cal

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About cal

  • Rank
    High mileage cruiser

Profile Information

  • First Name
    JJ
  • Gender*
    Not Telling
  • Toyota Model
    Avensis 2.0 CDX (LPG Dual fuel) Estate
  • Toyota Year
    2000
  • Location
    Norfolk

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  1. Your Hiace (H100 series) in your model year were available in other engine formats. Provided it is a Jap import, alternative engine choices were: 1KZ-TE Diesel turbo 3 litre auto/manu gear 1RZ-E Petrol 2 litre auto/manu gear 2RZ-E Petrol 2.4 litre auto only Now, the 1KZ-TE units were available in the UK mostly seen on Land Cruiser Colorado range, however other two petrol ones are very rare, to my knowledge, the 2.4 litre was never imported. The so called 'Hiace Power van', the early ones in the UK also came with 2.7 litre petrol 3RZ-E unit. This maybe an option for you if you could find one. However, you will need to have the unit couple with the gearbox for ease of transfer and will also need to do your own research on whether it will fit size wise. Alternatively, you may be able to fit a slightly smaller engine of the same family as the one you have, the 2L-TE diesel 2.4 litre engine which was available on the Hilux range. Another option is to source a second hand engine from Japan from these people. https://kaihosangyo.jp/english/ They may not be the cheapest but you get what you pay for.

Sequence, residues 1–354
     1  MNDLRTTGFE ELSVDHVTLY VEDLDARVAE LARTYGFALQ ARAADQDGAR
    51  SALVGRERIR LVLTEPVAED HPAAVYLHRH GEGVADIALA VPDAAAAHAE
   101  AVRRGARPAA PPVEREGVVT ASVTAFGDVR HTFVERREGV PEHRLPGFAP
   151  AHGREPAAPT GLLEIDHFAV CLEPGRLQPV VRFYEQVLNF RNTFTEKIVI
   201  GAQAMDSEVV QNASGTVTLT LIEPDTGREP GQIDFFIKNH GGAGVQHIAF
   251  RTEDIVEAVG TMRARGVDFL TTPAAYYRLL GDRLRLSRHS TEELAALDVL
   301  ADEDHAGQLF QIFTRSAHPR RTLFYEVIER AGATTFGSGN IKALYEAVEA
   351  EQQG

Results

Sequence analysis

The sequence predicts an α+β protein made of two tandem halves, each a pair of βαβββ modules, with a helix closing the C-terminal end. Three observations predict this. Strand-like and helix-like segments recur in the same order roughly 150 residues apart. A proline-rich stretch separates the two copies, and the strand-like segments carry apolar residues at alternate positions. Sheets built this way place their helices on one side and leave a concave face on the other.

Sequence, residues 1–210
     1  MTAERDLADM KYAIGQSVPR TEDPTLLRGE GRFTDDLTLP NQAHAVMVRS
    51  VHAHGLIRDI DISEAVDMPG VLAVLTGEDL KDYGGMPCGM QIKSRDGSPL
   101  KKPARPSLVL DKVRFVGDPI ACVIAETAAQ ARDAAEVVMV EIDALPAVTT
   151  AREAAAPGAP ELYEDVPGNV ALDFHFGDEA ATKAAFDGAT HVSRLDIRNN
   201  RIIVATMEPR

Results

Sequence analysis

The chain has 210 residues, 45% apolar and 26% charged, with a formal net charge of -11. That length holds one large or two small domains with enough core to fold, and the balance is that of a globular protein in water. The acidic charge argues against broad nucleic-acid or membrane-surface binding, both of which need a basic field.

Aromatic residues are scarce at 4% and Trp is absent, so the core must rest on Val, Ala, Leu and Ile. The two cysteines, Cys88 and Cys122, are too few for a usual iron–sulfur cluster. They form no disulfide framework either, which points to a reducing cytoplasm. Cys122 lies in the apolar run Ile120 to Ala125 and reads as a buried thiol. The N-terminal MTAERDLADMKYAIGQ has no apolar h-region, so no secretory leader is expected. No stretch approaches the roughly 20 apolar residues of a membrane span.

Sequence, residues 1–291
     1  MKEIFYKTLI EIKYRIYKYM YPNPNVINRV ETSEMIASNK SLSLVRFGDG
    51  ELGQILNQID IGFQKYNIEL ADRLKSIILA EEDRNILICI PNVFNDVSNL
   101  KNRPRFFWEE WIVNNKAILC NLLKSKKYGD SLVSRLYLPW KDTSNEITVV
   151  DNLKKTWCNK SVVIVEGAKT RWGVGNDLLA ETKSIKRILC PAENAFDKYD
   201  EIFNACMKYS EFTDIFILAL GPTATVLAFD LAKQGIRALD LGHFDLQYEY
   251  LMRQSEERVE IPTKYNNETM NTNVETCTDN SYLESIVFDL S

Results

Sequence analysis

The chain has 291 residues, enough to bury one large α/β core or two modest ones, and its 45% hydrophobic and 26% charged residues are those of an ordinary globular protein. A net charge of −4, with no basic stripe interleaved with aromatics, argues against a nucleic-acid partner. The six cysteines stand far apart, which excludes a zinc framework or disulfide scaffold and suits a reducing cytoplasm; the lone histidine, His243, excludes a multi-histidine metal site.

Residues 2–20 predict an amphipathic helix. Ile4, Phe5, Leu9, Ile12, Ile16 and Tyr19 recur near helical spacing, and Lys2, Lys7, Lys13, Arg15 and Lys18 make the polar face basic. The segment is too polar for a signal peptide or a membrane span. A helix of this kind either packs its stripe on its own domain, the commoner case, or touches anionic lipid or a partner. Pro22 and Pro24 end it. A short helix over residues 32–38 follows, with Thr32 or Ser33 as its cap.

2. The first gen Alphard's fuel tank capacity is 70 litres and Ist's is 45 litre. Hope this helps.
  3. A little trivia... This mandatory requirement for all vehicles in Japan goes back to the times when Japanese cars were primitive and highly unreliable. Cars often stalled at railway crossings and flares were initially introduced to prepare for such instances but later, used for general breakdowns and warning other road users of any hazards ahead as mentioned by FROSTYBALLS. It is an MOT equivalent requirement and without one the car will fail the inspection. In general, there are many railway crossings in Japan and to this very day, I think they are still traumatised by past incidents despite the fact that stalling at the railway crossing is extremely rare. Almost all user handbooks supplied with a new car has a section on procedures if the vehicle stalls in the middle of a railway crossing. At a time when manual gearbox cars were still common, it was often suggested to place the vehicle in highest gear and turn the starter motor without depressing the clutch which allowed the car to move out of the crossing. But obviously today, most cars are automatics over there, this method cannot be used and this fact is clearly stated in bold letters probably aimed at those old skool drivers. Those traditional flares have best before dates on them but like any other, things have moved on and some come with LED flares instead.